It’s the one that flares and jinks on hearing the first shot, then quarters away from the hide.
JOHN BIDWELL says:
I know the bird you’re talking about and maybe the best advice is to listen to the words of Cpl Jones in Dad’s Army – ‘Don’t panic Mr Mainwaring, don’t panic’.
Trouble with this bird is the fact that it is going away from the hide and with each wing beat getting farther and farther away from the gun.
The fact that it also starts its escape with a few jinks simply adds to the fluster-factor.
Believe it or not you have a little more time on this bird than you might first think.
The important thing is to keep the gun out of the shoulder and watch it carefully over the muzzles while it goes through its evasion routine.
This rarely lasts more than a couple of twists after which it straightens out and pins its ears back for the escape run proper.
As soon as it settles in flight, move the gun and note which way it’s quartering. Now mount the gun, keep the swing going and squeeze the trigger.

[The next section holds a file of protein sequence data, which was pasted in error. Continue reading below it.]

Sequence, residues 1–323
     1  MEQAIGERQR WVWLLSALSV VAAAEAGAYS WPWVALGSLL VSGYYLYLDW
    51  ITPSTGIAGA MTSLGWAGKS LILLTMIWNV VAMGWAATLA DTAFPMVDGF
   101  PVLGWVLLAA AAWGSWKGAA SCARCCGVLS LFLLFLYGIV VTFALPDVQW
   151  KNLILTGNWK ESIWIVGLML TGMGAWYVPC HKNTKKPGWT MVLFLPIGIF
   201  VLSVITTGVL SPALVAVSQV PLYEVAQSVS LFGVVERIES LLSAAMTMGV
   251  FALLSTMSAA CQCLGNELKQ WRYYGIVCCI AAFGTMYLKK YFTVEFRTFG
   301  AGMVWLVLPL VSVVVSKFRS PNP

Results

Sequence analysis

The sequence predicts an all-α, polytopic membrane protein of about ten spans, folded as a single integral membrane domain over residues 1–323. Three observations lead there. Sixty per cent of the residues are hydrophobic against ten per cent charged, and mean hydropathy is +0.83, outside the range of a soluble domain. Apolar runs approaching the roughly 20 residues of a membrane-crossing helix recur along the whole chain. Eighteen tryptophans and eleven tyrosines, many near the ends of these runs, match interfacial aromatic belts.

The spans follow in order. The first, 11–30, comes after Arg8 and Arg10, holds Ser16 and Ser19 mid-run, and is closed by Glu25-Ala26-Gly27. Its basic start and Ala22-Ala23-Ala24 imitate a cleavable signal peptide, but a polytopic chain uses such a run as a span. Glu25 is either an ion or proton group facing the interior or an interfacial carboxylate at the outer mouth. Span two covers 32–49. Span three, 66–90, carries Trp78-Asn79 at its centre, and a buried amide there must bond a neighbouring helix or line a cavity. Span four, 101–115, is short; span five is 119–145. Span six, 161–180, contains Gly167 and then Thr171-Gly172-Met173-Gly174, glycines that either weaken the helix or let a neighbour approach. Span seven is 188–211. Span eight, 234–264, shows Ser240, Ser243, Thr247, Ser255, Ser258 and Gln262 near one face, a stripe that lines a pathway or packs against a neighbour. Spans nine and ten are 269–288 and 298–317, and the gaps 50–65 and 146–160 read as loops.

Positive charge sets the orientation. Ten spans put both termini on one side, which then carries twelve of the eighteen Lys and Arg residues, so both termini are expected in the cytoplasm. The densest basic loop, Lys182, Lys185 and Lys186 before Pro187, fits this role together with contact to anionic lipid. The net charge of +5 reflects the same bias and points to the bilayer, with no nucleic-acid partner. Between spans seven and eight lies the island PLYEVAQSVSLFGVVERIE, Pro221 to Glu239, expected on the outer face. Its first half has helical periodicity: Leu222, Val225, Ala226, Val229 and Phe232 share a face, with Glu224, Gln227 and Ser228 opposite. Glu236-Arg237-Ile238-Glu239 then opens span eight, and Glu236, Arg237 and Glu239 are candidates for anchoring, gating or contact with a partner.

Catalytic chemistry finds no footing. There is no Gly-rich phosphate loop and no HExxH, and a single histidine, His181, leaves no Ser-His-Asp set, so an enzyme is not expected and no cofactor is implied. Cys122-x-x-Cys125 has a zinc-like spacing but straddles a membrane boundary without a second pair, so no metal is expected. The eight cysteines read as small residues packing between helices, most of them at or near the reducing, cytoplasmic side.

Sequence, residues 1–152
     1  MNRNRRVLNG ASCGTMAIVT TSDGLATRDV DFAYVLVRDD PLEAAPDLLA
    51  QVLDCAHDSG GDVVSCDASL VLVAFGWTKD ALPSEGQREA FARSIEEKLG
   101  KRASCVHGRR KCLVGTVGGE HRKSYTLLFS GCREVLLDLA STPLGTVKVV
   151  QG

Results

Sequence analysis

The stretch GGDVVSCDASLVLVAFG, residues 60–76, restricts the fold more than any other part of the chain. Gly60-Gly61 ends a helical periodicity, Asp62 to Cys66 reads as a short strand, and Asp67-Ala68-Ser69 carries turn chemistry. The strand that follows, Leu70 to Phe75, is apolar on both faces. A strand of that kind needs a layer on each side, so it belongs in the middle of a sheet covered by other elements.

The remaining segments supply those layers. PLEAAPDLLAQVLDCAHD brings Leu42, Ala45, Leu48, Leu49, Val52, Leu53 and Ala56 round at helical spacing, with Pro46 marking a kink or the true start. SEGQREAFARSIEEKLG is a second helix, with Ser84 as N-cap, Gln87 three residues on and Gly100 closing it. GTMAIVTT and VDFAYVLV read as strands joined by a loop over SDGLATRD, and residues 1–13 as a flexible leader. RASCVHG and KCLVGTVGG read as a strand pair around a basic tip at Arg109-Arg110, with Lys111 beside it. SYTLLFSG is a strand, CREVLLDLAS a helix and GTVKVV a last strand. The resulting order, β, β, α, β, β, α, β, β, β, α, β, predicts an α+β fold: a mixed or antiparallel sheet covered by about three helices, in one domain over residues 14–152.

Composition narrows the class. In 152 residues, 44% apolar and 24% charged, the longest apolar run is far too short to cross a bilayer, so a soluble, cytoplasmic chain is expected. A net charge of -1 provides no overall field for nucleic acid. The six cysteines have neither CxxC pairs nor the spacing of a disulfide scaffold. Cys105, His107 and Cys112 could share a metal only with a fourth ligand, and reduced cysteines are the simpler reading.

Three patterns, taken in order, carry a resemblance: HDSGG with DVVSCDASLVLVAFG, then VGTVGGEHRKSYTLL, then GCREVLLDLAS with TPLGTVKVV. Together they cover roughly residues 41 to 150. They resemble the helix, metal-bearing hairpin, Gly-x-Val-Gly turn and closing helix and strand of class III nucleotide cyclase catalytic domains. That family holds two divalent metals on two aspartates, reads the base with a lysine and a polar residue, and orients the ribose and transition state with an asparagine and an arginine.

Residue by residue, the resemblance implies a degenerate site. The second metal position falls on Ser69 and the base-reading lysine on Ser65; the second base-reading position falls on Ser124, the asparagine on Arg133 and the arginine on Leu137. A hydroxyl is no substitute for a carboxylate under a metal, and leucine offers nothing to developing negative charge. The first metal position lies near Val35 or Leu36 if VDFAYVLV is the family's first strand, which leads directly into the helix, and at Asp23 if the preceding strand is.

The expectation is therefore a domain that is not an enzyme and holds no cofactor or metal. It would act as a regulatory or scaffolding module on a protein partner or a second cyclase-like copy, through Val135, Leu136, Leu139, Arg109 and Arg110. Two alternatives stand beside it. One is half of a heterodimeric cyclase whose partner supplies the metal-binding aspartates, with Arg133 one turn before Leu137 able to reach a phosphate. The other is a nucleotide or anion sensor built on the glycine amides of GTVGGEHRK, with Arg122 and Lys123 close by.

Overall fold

Make absolutely CERTAIN that your face stays on the stock to avoid missing this bird high. If you really want to get boss of this target, you should go and shoot quartering-away DTL birds.
It’s best to call the bird with the gun just clear of the shoulder but make a mental note of the gap between muzzle and target when the face is glued to the stock’s comb.
With a little practice you’ll be nailing this bird eight times out of ten provided it’s in range.